The Government’s application of Extraordinary Security Measures, adopted in 2016, has resulted in the detention of 39,110 people in cruel and inhumane conditions, often for prolonged periods.  "The appalling conditions that I have witnessed cannot be explained by security concerns alone.  I am left to conclude that their primary purpose is the de-humanising of detainees. Such unlawful measures ought to be stopped immediately,” urged the Special Rapporteur. 
You can read Agnes Callamard's list of initial observations here.   A full report will be issued later. 

Yet despite all of these human rights critiques, the government is both unapologetic and, if anything, seeking to further amplify its iron fist tactics which it claims are working.   The primary explanation for the government's response is a simple political calculus.   Iron fist policies are popular among a Salvadoran population suffering from too much crime and violence.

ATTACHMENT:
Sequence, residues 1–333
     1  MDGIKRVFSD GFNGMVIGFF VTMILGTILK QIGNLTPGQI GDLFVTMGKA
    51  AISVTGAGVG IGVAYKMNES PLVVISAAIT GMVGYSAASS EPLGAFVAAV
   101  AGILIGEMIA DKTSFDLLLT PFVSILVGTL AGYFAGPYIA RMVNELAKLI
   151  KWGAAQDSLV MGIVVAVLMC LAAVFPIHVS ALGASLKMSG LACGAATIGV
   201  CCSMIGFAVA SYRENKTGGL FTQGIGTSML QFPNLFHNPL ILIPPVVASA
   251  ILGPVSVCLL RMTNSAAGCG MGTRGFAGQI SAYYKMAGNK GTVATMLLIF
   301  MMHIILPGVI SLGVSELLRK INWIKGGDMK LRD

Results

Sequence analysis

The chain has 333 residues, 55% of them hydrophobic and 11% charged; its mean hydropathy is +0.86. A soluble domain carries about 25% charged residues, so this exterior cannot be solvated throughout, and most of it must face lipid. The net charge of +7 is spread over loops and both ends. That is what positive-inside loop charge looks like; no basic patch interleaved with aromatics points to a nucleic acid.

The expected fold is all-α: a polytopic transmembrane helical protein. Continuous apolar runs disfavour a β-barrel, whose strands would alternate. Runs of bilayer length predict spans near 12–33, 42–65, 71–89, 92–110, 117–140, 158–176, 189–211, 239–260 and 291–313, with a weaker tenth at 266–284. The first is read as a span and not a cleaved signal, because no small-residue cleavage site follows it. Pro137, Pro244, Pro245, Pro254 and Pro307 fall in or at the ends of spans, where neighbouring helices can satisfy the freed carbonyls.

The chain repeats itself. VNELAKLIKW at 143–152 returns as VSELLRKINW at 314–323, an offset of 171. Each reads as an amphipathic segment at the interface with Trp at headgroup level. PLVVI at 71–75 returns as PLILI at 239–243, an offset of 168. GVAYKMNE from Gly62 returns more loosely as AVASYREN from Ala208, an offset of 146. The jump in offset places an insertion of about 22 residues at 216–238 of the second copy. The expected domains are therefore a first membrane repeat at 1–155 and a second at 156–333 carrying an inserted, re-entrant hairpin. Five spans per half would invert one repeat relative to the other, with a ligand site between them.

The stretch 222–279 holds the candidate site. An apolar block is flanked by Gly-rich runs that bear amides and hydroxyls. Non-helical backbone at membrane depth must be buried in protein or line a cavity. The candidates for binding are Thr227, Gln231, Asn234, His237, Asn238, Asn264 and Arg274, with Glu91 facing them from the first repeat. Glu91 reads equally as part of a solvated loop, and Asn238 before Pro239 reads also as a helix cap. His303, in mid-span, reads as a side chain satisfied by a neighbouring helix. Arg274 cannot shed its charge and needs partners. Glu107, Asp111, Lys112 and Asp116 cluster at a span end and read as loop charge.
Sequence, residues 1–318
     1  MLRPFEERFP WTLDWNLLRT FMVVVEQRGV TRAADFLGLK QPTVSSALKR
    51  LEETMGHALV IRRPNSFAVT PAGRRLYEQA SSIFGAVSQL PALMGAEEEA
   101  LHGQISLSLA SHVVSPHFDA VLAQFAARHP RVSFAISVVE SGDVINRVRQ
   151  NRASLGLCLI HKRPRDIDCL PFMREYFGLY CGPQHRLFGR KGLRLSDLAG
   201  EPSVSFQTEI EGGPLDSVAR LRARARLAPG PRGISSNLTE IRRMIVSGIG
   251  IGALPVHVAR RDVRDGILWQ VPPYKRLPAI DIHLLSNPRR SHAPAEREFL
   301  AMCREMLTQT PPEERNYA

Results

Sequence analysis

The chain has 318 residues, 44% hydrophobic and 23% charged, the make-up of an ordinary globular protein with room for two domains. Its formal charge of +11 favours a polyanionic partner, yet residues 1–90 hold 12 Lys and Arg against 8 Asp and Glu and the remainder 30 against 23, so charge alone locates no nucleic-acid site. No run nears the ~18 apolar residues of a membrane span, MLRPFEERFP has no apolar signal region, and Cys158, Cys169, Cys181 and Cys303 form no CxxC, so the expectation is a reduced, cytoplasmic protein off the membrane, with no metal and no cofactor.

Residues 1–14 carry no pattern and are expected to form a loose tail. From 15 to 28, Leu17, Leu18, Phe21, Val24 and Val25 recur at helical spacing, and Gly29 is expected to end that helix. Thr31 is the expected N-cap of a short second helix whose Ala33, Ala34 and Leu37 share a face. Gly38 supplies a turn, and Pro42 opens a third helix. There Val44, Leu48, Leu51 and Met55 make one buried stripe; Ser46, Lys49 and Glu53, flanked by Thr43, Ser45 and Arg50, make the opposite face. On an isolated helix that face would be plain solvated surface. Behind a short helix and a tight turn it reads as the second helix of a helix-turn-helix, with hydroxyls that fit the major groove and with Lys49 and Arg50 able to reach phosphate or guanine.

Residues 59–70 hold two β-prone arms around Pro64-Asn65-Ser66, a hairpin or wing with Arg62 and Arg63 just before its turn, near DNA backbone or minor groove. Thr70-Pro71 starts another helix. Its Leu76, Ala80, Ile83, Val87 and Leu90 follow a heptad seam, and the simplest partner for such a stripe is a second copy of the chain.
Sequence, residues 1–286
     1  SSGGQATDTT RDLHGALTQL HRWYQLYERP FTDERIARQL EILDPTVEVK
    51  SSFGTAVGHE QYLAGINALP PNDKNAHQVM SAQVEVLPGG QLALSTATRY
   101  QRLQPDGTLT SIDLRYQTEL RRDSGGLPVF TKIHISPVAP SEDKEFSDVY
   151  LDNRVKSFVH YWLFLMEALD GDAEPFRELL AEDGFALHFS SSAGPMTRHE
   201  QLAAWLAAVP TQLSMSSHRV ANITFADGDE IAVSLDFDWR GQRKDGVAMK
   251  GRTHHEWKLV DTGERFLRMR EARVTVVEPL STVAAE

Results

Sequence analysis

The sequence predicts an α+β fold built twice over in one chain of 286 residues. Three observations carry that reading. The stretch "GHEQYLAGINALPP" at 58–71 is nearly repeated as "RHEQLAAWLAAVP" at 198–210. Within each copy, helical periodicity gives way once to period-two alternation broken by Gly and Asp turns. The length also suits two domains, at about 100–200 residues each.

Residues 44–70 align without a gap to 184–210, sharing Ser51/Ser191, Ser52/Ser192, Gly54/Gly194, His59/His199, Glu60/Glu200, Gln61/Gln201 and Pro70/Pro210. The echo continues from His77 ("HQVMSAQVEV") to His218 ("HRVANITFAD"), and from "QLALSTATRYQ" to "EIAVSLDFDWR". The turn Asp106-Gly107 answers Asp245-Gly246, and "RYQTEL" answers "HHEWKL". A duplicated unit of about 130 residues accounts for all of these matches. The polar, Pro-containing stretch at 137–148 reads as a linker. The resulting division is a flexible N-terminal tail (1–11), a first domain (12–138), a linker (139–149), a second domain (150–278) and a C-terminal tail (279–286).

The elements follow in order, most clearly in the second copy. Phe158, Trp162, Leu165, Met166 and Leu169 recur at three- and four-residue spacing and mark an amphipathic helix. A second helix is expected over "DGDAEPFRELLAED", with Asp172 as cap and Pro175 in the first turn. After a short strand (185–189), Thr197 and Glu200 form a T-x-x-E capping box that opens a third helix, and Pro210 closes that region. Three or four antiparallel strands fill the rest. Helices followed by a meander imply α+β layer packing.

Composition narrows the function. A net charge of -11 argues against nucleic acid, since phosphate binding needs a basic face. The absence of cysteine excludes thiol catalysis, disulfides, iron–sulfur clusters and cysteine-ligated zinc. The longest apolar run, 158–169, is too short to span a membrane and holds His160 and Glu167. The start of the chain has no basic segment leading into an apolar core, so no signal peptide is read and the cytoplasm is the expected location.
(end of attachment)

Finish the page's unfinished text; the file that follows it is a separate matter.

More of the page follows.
These policies come front and center now as El Salvador is in the middle of two years of political campaigning.    First up are elections of members of the National Assembly on March 4.   Those elections will be followed by presidential elections in 2019 for which campaigning has already begun. 

Politicians read the public opinion polls.   Despite the human rights abuses, the PNC and the armed forces are two public institutions which have the most confidence of the people in El Salvador.   The public has ranked crime as its number one concern for years.

It is not a coincidence that vice president Oscar Ortiz, who has presidential ambitions, took on the role of chief cheerleader for the extraordinary measures and for the country's get tough policies. The president of the National Assembly, Guillermo Gallegos of the GANA party, is campaigning on a platform calling for the death penalty for gang members.